The technical overview circulated by EMSI (Mar. 2018) grouped workers and owners by age (Figure 6). About 22.8 percent of the workers and owners are 55 years old and above. The “45-54” year-old workers and owners involved 19.6 percent of the total. The “35-44” year-old group added 18.7 percent of the total. The younger workers and owners included 21.3 percent of the rest. The workers and owners in the Gulf States are slightly older (41.79 years) as compared to the national average (40.51 years).

Fruit-Vegetable-Markets-Workers-Age--USA-GOM
Figure 6. Age Distribution of QCEW Employees, Non-QCEW Employees, Self-Employed, and Extended Proprietors. Source of raw data: EMSI. https://e.economicmodeling.com. Legend: QCEW – U.S. Bureau of Labor Statistics, Quarterly Census of Employment and Wages.

Businesses Registered in MarketMaker

If you need an online database of these businesses, you can perform the following search at the Mississippi MarketMaker (https://ms.foodmarketmaker.com/) or other member states (https://foodmarketmaker.com/):

Keywords: Fruit & Vegetable » States: AL, AK, AZ, AR, CA, CO, CT, DC, DE, FL, GA, HI, ID, IL, IN, IA, KS, KY, LA, ME, MD, MA, MI, MN, MS, MO, MT, NE, NV, NH, NJ, NM, NY, NC, ND, OH, OK, OR, PA, RI, SC, SD, TN, TX, UT, VT, VA, WA, WV, WI, or WY » Type: Food Retailer » Profile: Food Retailer > Fruit & Vegetable Market

More than 12,600 fruit and vegetable markets registered their business profiles in MarketMaker (Figure 7). Click this LINK to view the entire search results online. You can sort the results alphabetically, by relevance, or by the distance to your current location.

About 2,000 fruit and vegetable businesses are registered in the five Gulf of Mexico States. In Mississippi and Alabama, there are 75 and 159 fruit and vegetable markets registered in MarketMaker, respectively.

 Fruit-vegetable-busimesses
Figure 7. Map of fruit and vegetable market registered in MarketMaker. Click this LINK to view all the search results. 

Read more at http://extension.msstate.edu/newsletters/mississippi-marketmaker.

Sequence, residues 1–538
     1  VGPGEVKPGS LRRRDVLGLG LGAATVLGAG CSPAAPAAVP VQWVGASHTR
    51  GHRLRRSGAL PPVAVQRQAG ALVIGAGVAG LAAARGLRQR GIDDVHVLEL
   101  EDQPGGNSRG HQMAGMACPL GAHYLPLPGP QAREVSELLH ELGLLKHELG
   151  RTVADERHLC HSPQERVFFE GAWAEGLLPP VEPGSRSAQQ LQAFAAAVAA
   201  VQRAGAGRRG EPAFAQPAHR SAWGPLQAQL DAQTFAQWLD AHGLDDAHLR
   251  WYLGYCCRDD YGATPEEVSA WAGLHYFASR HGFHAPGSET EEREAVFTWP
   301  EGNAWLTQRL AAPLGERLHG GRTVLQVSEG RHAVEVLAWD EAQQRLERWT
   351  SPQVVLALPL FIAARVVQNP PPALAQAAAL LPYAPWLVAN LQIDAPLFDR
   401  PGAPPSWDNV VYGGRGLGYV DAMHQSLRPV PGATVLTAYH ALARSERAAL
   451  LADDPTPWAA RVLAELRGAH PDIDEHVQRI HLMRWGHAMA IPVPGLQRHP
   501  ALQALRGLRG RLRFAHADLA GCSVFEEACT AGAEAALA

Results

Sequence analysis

Socioeconomic Characteristics of Workers and Owners of Fresh Fruit and Vegetable Merchant Wholesalers

Definition of Fresh Fruit and Vegetable Merchant Wholesalers

Fresh Fruit and Vegetable Merchant Wholesalers (NAICS 424480) “comprise establishments primarily engaged in the wholesale merchant distribution of fresh fruits and vegetables” (https://www.census.gov/eos/www/naics/index.html).

Examples of establishments listed by the Bureau of Census includes the following:

  • Berries, fresh, merchant wholesalers;
  • Fresh fruits, vegetables, and berries merchant wholesalers;
  • Fruits, fresh, merchant wholesalers;
  • Health foods, fresh fruits, and vegetables, merchant wholesalers;
  • Produce, fresh, merchant wholesalers;
  • Salads, prepackaged, merchant wholesalers; and
  • Vegetables, fresh, merchant wholesalers.”

Employment and Wages, Salaries, and Earnings

Fruits-Vegetables-Wholesalers-Workers-Wages-USA
Figure 1. U.S. Annual Employment and Wages, Salaries, and Earnings of QCEW Employees, Non-QCEW Employees, Self-Employed, and Extended Proprietors.
Source of raw data: EMSI. https://e.economicmodeling.com.
Legend: QCEW – U.S. Bureau of Labor Statistics, Quarterly Census of Employment and Wages.

The number of jobs in the industry has been trending upward. On average, the industry directly created more than 89,000 jobs per year in the United States since 2001 (Figure 1). The five Gulf of Mexico States (AL, FL, LA, MS, and TX) contributed about 17.4 percent of all the jobs during the period (Figure 2). The activities in Mississippi and Alabama during the same period added 0.38 and 0.53 percent of the total number of jobs, respectively.

The average wages, salaries, and earnings in the industry in the entire United States have been slowly rising during the later part of the period. The combined wages, salaries, and proprietor earnings (at constant 2017 prices) of all the QCEW employees, non-QCEW employees, self-employed, and extended proprietors averaged $56,400 per person during the entire period under consideration (Figure 1).

Fruits-Vegetables--Wholesalers-Workers-Wages-GOM
Figure 2. Annual Employment and Wages, Salaries, and Earnings of QCEW Employees, Non-QCEW Employees, Self-Employed, and Extended Proprietors in the Gulf of Mexico Region. Source of raw data: EMSI. https://e.economicmodeling.com.
Legend: QCEW – U.S. Bureau of Labor Statistics, Quarterly Census of Employment and Wages.

Among the workers in the industry in the Gulf of Mexico States, the average wages, salaries, and earnings have been slowly increasing during the later part of the period. The annual earnings of workers and owners in the Gulf of Mexico States during the period averaged $51,630 per person or 91.5 percent of the national average (Figure 2). During the same period, Mississippi and Alabama workers and owners received average annual pay amounting to 78.7 and 82.2 percent of the national average, respectively.